Jewish community stands with burned Louisiana churches

Photo courtesy GoFundMe page

The Jewish Federation of Greater New Orleans and the Anti-Defamation League regional office in New Orleans issued a joint statement of solidarity with the three historically-black churches that were torched in central Louisiana in the past couple of weeks.

The first fire broke out on March 26 at St. Mary Baptist Church in Port Barre. Greater Union Baptist Church burned on April 2 and Mount Pleasant Baptist Church was set on fire on April 4.

On April 10, 21-year-old Holden Matthews was arrested and charged with the arsons. A brand of gas can sold at Wal-Mart was found at the third arson site, and Matthews had bought that type of gas can at a Wal-Mart on March 25. He also drove a vehicle that matched the description of the vehicle seen on video footage near both churches shortly before the fires.

Cell phone records also placed him near all three churches shortly before the fires broke out.

Holden is the son of a parish sheriff’s deputy. The state fire marshal, Butch Browning, said indications are that Holden was into “black metal” music that centers on Nordic beliefs and heathenism, and has been connected to church burnings elsewhere in the world.

The statement from the Jewish organizations commended law enforcement “for its swift apprehension of the alleged perpetrator of the arsons,” and they await more information as the investigation proceeds. “We appreciate the continued efforts of law enforcement to ensure the safety and security of other religious institutions in those communities throughout the state.”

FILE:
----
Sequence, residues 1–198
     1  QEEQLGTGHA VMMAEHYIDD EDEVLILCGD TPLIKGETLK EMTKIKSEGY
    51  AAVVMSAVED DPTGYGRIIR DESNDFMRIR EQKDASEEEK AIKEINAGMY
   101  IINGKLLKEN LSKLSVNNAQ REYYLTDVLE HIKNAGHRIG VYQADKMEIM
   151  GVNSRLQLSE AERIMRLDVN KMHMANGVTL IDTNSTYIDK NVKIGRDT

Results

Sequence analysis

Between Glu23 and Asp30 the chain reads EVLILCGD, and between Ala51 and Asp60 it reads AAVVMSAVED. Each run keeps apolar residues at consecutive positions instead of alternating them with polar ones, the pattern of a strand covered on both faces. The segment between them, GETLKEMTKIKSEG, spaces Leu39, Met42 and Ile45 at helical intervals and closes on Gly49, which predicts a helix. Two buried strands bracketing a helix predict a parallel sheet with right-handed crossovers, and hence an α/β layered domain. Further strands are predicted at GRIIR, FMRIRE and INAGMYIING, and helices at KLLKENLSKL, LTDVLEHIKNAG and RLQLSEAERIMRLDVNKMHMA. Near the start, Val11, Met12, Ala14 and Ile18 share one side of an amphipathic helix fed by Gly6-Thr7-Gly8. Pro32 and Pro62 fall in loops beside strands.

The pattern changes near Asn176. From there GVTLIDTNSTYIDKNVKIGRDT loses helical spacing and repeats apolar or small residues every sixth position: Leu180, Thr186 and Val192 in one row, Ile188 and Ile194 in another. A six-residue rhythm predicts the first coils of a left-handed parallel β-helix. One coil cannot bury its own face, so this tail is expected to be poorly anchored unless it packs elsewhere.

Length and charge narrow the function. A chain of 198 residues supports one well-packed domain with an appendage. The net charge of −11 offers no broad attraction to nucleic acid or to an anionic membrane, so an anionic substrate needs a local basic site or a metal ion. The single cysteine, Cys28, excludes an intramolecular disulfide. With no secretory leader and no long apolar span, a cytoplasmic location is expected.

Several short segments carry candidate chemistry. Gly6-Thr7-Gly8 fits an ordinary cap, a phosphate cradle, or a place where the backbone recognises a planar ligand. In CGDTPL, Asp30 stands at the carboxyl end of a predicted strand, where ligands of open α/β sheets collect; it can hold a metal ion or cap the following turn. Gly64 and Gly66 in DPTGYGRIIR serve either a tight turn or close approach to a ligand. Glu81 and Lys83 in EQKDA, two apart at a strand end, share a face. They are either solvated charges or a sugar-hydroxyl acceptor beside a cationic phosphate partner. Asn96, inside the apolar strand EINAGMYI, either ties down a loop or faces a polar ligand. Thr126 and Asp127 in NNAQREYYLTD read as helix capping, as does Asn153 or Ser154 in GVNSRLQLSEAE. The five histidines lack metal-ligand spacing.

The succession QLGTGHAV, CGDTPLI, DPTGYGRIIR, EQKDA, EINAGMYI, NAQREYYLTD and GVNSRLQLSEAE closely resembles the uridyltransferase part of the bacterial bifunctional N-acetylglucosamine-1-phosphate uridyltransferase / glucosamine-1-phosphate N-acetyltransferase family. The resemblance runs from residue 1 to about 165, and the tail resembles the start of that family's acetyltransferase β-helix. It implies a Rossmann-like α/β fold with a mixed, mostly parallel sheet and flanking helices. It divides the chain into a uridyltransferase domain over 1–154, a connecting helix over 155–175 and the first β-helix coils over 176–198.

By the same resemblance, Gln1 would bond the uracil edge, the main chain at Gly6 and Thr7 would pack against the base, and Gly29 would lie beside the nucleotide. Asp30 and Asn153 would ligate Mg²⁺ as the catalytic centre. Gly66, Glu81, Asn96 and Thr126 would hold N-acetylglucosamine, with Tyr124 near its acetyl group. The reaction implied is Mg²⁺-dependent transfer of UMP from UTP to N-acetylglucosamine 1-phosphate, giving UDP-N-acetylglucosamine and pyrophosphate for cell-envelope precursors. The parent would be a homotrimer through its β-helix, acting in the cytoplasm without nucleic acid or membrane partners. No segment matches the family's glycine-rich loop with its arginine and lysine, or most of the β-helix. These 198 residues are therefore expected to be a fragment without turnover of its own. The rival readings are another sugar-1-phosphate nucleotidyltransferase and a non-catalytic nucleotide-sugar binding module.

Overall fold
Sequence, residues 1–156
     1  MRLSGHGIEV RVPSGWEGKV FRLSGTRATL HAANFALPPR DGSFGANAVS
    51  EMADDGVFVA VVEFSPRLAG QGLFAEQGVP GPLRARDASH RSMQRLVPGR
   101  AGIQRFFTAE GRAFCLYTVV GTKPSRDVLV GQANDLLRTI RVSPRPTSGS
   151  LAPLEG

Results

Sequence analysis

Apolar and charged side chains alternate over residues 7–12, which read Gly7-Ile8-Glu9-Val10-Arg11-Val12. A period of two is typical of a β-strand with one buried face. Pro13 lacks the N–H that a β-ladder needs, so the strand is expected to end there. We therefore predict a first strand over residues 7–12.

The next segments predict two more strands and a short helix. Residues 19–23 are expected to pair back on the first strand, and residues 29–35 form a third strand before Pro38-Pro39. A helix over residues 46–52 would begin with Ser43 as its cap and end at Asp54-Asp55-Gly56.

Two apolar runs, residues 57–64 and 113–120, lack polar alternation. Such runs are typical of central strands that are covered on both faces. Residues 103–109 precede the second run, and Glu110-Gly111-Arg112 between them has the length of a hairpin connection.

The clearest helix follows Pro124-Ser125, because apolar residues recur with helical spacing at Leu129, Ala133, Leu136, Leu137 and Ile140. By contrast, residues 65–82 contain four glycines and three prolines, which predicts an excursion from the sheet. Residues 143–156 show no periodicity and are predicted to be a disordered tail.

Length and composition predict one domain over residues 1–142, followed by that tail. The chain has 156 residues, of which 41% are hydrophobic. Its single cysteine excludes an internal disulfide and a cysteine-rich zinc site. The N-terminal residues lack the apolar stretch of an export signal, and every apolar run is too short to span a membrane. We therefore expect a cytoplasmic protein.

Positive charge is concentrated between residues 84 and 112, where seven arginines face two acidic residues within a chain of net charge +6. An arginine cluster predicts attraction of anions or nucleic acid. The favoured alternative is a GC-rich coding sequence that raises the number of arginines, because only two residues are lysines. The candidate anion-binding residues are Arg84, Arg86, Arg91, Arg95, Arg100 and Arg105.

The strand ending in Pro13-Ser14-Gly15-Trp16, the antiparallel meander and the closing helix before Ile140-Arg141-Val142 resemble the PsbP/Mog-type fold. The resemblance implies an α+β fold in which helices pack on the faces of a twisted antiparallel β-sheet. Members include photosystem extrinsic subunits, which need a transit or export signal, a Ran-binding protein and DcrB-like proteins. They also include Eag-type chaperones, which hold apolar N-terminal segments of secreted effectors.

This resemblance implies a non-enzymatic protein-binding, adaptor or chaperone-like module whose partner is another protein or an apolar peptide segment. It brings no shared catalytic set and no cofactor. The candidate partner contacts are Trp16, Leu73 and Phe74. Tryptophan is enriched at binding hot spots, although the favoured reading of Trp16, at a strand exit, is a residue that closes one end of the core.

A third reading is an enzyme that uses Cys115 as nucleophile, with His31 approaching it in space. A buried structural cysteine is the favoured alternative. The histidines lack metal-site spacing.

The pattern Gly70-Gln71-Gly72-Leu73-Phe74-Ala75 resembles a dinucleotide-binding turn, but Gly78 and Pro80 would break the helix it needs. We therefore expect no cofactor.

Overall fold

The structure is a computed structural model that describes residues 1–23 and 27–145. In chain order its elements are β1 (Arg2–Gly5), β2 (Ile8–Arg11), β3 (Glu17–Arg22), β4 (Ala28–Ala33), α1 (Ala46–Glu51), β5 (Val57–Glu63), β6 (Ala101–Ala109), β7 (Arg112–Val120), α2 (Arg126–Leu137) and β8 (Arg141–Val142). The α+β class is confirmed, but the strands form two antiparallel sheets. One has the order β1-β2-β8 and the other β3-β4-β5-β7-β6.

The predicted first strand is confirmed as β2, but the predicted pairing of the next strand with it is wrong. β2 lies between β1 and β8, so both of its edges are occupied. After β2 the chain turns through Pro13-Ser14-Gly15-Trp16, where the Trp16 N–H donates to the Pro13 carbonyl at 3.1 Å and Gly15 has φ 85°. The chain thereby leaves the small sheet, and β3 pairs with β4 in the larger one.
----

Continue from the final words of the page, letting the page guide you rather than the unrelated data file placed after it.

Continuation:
The statement continued, “That the alleged perpetrator appears to have singled out African-American churches specifically is deeply troubling, and certainly no house of worship should ever be targeted for violence.”

They encouraged donations to a GoFundMe page that has been established to help rebuild the churches.

On April 4, Rabbi Gabe Greenberg of Beth Israel in Metairie traveled to Opelousas to visit the first two churches that burned, as this was before the third arson. “As the rabbi of a community that lost its own building to a flood, and having personally experienced losing a home in a house fire… I am strongly feeling the pain of these parishioners,” he said.